6. Dan Romig says:

    Abengoa sure has an impressive looking website, but to quote the movie Slapshot, “10,000 mill workers placed on waivers.”

    There are no winners here. Bond holders can get 30 cents on the dollar and 95% control of a messed up company? 7,000 workers will most likely be put out of their jobs.

    The fate of Sanchez Ortega will tell the world quite a lot about Spain, but as it looks now, the nation should be avoided by investment capital. Corruption is everywhere from politicians to CEOs. What future do the youth of Spain have?

  7. Chicken says:

    Perhaps Volkswagen could kill a flock of birds with one stone on this one? It escapes me why diesels would need emissions if they were burning bio-diesel distilled from the plentiful roadside debris deer normally feast on.

    Pretty sure there’s a metaphor in there somewhere…

    • Flying Monkey says:

      I worked for Bosch in diesel injection systems for many years. Bio-diesel is very much chemically different normal petroleum based diesel. Bio-diesel has the nasty little habit of leaving residuals and deposits all over the internal components leads to mechanical failure by gunking up the small clearances in the injector moving parts such as the nozzle needle or the valve piece piston. We are talking gaps of 2 -5 micros. Usually the injector needle nozzle will seize first. I worked a lot with the techs in warranty analysis and saw first hand the havoc bio-diesel reeked on the moving parts. Some fleets would work with a two tank system. They would do most of their running on bio-diesel and switch to a tank with normal diesel to flush the system out before stopping. A lot of times the drivers did not switch the source and the system ended up failing too. The main problem is letting the system set with bio-diesel in it. The biggest problem is that it later will not start as the components have stuck together and the pressure generated from the pump in the starting condition is not high enough to break the components free.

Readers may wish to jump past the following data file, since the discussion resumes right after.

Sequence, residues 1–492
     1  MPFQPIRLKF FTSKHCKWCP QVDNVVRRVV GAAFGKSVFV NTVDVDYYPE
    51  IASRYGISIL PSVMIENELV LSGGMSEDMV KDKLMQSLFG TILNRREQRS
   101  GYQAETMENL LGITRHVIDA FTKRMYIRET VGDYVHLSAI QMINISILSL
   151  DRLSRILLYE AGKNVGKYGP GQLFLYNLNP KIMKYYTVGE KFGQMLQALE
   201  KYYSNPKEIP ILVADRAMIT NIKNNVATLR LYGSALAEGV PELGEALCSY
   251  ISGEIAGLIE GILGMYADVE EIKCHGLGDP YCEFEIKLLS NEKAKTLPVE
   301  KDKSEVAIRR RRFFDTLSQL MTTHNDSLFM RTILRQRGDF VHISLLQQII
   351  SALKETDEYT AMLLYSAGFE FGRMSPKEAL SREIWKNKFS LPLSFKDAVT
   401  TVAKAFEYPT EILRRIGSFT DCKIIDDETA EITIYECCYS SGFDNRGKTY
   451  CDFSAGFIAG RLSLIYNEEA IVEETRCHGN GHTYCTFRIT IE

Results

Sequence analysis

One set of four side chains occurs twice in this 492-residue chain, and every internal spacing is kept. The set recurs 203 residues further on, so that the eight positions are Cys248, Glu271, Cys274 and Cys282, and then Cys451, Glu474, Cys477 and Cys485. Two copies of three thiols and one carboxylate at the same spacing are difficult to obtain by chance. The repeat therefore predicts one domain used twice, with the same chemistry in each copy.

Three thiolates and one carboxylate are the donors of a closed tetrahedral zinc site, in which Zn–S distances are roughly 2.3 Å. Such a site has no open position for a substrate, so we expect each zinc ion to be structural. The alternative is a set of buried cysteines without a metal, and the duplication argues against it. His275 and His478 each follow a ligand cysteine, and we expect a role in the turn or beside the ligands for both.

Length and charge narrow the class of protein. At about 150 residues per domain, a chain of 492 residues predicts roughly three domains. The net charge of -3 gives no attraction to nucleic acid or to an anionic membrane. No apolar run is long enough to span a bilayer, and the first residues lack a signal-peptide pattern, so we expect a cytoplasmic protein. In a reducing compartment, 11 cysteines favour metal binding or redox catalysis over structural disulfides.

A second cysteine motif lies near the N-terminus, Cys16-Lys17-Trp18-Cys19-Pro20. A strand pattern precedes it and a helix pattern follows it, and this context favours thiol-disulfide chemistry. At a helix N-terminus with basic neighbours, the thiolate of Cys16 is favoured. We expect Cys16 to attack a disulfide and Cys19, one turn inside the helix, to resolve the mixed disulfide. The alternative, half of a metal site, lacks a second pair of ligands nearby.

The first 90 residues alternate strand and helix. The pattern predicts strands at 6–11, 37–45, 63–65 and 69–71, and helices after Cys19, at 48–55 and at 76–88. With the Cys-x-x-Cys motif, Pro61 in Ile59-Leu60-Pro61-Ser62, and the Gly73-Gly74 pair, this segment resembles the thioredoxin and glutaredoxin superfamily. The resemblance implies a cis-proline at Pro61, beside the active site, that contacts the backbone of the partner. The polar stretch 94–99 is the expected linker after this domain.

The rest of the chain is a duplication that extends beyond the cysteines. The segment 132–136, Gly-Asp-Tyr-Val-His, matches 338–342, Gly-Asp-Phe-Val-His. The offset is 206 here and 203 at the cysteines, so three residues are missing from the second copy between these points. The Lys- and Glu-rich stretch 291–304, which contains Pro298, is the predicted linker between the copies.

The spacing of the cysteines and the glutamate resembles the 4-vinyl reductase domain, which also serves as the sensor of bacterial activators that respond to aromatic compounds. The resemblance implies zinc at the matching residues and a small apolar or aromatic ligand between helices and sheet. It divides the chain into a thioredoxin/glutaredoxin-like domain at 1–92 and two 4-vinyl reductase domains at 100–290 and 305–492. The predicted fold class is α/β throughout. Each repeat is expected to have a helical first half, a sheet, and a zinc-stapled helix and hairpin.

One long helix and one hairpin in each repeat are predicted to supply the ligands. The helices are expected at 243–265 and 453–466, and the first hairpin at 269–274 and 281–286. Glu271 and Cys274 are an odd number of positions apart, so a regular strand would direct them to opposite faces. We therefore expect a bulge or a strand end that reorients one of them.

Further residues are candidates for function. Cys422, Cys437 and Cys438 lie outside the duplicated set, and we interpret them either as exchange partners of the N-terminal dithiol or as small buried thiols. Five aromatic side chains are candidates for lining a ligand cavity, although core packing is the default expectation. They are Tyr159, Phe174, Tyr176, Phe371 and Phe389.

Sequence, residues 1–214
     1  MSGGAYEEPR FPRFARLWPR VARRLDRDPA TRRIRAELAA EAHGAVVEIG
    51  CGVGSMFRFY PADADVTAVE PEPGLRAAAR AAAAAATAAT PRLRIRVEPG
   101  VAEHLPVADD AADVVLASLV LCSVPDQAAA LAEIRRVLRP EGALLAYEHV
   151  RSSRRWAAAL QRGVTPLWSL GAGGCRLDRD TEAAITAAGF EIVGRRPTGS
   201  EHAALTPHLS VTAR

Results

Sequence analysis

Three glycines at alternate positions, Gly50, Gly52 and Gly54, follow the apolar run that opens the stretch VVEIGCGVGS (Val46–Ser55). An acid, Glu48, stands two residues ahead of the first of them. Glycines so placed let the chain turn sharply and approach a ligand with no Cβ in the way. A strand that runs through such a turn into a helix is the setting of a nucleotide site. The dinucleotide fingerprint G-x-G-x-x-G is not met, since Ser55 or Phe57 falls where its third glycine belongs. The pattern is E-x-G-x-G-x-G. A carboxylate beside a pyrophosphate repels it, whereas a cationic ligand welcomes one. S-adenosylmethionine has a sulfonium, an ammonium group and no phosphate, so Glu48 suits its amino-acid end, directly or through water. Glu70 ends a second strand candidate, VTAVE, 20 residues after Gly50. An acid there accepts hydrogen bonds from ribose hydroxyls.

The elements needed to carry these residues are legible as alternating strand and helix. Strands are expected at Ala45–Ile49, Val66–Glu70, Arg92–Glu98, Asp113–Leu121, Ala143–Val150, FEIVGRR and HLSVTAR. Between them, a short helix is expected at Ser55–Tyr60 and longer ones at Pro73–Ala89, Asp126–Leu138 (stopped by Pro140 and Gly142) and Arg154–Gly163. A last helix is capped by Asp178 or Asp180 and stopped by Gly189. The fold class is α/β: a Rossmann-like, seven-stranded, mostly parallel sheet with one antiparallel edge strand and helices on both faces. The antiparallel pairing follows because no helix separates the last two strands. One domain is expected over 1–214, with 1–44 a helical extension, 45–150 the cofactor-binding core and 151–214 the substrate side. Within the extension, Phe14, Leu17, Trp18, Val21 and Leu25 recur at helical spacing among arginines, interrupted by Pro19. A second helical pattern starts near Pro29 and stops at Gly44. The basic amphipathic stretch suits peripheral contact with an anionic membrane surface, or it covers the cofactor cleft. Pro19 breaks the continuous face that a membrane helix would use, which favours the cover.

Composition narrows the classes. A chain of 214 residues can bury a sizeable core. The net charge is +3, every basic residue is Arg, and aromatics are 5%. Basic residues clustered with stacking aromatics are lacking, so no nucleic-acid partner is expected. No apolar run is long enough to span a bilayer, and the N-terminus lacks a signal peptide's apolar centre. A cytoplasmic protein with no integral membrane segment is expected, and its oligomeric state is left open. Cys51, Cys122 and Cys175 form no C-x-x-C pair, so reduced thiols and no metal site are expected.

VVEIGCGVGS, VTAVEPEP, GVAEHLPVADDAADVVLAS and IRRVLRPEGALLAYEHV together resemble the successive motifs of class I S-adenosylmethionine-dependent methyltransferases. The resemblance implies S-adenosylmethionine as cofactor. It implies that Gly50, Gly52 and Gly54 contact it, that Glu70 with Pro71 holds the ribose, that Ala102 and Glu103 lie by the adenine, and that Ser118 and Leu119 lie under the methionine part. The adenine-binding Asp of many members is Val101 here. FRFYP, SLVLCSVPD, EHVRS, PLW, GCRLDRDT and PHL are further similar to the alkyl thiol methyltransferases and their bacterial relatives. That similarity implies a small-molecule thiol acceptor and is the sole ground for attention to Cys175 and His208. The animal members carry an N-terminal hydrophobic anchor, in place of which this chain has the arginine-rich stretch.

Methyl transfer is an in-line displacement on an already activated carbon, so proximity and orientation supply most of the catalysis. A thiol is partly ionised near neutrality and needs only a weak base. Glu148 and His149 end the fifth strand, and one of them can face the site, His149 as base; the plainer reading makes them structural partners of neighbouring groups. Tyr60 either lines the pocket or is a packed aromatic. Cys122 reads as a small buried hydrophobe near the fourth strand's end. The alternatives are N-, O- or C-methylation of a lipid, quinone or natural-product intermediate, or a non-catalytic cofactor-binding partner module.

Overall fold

As far as emissions with Bio-diesel, NOx will still be an issue as long as combustion temperatures are high. The nitrogen in the air reacts at the high temperatures, regardless of what type of fuel you are using. The NOx emissions are more a characteristic of the combustion process/Engine than the fuel.

      Any engine becomes more efficient if the combustion temperatures are raised. Common rail diesel systems can have multiple injection points. Pre-injection is used to minimize knocking. There is a main injection for the power and there is also a post injection to help bring the temperature down and is used many to reduce emissions. If you want to ruin a common rail injection system and have thousands of dollars in repair costs, then use Bio-diesel by all means.

      • Wolf Richter says:

        Awesome explanation. Thanks!

      • Les Francis says:

        Thanks for that post.
        Hope you don’t mind but I have linked that it to a Euro Vehicle Forum I’m a moderator of.

        Overall. Those investors dabbling in renewable companies that rely on government/taxpayer subsidies or use technology with dodgy economic claims are in for a shock in the long term.

      • Bigfoot says:

        Great info. I wonder if residuals/sticking/gumming up problems could be mitigated with an automated shut down system of some sort? Turn the engine off & the fuel supply switches to a fuel/cleaner solution that the engine runs off of for a very short period & requiring only a small tank.

        I’ve owned a lot of diesel powered trucks & equipment & still have a diesel powered tractor. Never had any experience with bio-diesel though. Got any good links to help increase my knowledge base?

  8. max wulff says:

    if you had asked Alan and Ben directly they would have give you the keys to the printer, there is really no good reason to leave the “solar systems” to fight it out by themselves, “go ahead, we’ll print more” “jobs depend on industry like this”

Comments are closed.